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Saturday, October 18, 2014

Too Many Theorist in the Classroom?

Do teachers need just one?
  Theorist that is.  I've been reflecting this week on the theories and theorist that I have been reading about since July.  Learning Theories, why so many?  Too many Egos?  They are all men, yet I do know some women with egos.  Why does it feel like I need to pick just one? We are quite lucky to have the internet and the access to history.  Maybe that's it, their world was much larger, ours is so much smaller and accessible. Each learning theory holds some value. When I think about students, I don't think of theories.  I think about what that student needs to succeed, yet I am influenced by the theories.
This week I read about Piaget and Vygotsky. The beginning of my teaching career was spent in the early primary years.  It is fascinating watching children begin their formal education journey.  Young children change and learn so rapidly. Our days consisted of reading, writing, math, science, social studies, and social opportunities.  All done in an integrated fashion, we were often doing more than one learning task at time, with lots of social engagement.  Then came the state standards, benchmarks, and assessments.  While this isn't all bad, what was left out was the conversation about developmental stages and needs of children. When I read Ormrod's take on Piaget, I mentally made the “Me too!” sign, then I read Vygotsky and did the same thing.  So who is right?  I don't want to choose just one.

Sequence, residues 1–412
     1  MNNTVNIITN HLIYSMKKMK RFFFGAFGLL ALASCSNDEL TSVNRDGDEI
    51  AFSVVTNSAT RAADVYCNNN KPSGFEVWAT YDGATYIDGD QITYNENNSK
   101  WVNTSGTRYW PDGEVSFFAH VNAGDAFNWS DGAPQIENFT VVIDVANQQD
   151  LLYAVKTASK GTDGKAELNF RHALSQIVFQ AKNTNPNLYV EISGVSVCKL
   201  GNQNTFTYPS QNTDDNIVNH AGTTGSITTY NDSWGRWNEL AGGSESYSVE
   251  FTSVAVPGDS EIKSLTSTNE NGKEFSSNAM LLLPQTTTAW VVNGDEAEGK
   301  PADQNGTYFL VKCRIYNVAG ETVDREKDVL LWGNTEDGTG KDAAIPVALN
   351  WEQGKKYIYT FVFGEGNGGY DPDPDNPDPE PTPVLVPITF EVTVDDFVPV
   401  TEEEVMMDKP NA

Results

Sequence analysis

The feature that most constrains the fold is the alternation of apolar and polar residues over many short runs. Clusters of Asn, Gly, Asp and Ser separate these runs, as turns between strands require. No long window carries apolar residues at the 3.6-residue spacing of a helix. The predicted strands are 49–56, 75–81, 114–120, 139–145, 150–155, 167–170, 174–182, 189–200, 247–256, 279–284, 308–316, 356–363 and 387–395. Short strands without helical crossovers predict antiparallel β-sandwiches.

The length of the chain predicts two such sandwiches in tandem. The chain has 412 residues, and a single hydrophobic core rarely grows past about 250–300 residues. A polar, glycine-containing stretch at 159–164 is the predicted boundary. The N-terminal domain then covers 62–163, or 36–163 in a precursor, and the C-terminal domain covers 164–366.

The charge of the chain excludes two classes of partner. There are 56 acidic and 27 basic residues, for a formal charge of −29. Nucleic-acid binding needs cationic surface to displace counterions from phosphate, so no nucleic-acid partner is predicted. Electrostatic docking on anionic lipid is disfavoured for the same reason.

When the state standards arrived, we forgot that the children in front of us would learn at different rates.  The standards didn’t take into account the development of the learner.  Students who didn't make the benchmark were whisked away for intervention support.  Vygotsky’s Zone of Proximal Development, a learner does the actual learning
when minimal support is provided. Piaget’s discussion about disequilibrium, a mental discomfort or confusion, were tossed out the window.  When this was brought up in conversation, it was quickly squashed because the benchmarks for 6 year olds had not been met.  So what is a good teacher to do, continue to learn, fight the tide, and change grade levels, where the expectations for students were more in line with my own thinking about teaching and learning. 

Yet I still wonder, is there just one single theorist who we should follow?  Should we follow any of them?  Are they actually educators or only researchers?

A little XtraNormal Fun.  

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